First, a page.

Dedicating a printer to Black and White
Old 07-07-2006   #1
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Dedicating a printer to Black and White

Is this possible? I have two desk top printers at the moment (Canon i850 and Epson R800) and if it were possible I would like to dedicate one of them to B&W. Is there an expert in this out there?
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Old 07-07-2006   #2
BillBingham2
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Not an expert, but there are B&W only ink systems. I was never able to find one for my epson 825 through. I want to say the epson 1280 had several. Lawson or Larson rings a bell.

You might want to take a look at some of the sites that are linked to www.dpreview.com. It's a great site for digital stuff and he links to many sites where you might find a pointer. Take a look at his forums, there is a printer forum and an canon and epson forum as well.

Good luck.

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Old 07-07-2006   #3
kaiyen
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Only some printers can be converted to be dedicated b&W printers with grayscale ink sets. A good place to start is http://www.inksupply.com

The best resource is a mailing list, but it's got too much information, almost.

allan
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Old 07-07-2006   #4
amateriat
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Once upon a time (well, up to about a year ago), I had two printers: an Epson SP 2200, which i dedicated to color work, and an older Epson SC 1160, which I loaded up with Lyson Quad Black Neutral inks for black-and-white. The 2200 could do "okay" b/w, provided you used a RIP such as ImagePrint's (pricey), or the shareware QuadTone RIP (much less pricey). But you still had to tweak, which is why I decided to take the two-printer approach.

Then (finally) came printers that could switch-hit with some authority. Epson came out with the SP 2400 (and, in larger format, the 4800/7800/9800); HP, meahwhile, came out with the Photosmart 8750 same format as the Epson 2400 (prints up to 13x19", my minimum requirement), had similar archival ratings in terms of lightfastness and dark storage, and cost quite a bit less than Epson's 2400 (I paid $362, shipped, for mine, just before Christmas of last year). Great color output, and all-but-spectacular, dead-neutral black-and-white, all exhibition-quality, and all from one printer, which also doesn't give me headaches with head-clogs, metamerism, gloss-differential or bronzing (do a Google search on any of these terms to get a look at what contemporary inkjet-printing pros are still putting up with in some circles). I won't say I've found the magic bullet, but I'm damned happy with what I see in my prints, and the number of necessary reprints has gone down noticeably, which more than makes up for the relative thirstiness of this printer when printing b/w.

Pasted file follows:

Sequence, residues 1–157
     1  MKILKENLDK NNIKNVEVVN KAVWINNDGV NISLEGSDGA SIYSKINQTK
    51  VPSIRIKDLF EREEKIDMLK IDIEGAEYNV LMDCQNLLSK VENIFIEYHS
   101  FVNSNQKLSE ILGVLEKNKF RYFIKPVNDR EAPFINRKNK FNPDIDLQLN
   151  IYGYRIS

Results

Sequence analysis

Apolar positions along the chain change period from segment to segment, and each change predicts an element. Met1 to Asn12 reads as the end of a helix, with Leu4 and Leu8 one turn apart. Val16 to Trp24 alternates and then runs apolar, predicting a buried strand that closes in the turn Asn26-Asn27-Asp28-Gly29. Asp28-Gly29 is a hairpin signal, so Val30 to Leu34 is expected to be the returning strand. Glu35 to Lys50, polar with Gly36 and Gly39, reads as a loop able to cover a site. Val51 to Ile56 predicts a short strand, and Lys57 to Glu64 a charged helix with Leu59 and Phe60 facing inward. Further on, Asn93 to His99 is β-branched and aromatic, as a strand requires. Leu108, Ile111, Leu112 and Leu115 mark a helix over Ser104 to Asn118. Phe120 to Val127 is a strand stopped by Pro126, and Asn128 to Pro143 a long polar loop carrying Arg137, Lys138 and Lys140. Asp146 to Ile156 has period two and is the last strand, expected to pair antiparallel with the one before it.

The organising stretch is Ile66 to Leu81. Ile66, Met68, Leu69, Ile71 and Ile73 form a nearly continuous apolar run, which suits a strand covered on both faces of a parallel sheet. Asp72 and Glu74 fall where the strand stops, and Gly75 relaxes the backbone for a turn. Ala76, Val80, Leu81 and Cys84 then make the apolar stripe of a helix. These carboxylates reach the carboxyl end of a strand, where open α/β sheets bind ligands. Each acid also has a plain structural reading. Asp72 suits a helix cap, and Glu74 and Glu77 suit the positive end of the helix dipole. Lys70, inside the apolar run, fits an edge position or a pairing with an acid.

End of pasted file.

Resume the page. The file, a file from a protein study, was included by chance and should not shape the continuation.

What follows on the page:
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Old 07-07-2006   #5
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Lots of leads there folks. Thankyou.

John
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Old 07-07-2006   #6
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What Allan said.... check for quadtone inksets at inksupply.com and search for R800 in the yahoo group, DigitalBlackandWhiteThePrint. It's a great group.

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Old 07-07-2006   #7
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I've got an i850 and have bought the Lyson inks from www.specialistinks.com with the intention of using them in the next month or so (I don't print a HUGE amount). The point of my post? Well just to let you know it's possible with the i850. Great cheap printer I think.
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Old 07-07-2006   #8
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Quote:
Originally Posted by kaiyen
Only some printers can be converted to be dedicated b&W printers with grayscale ink sets. A good place to start is http://www.inksupply.com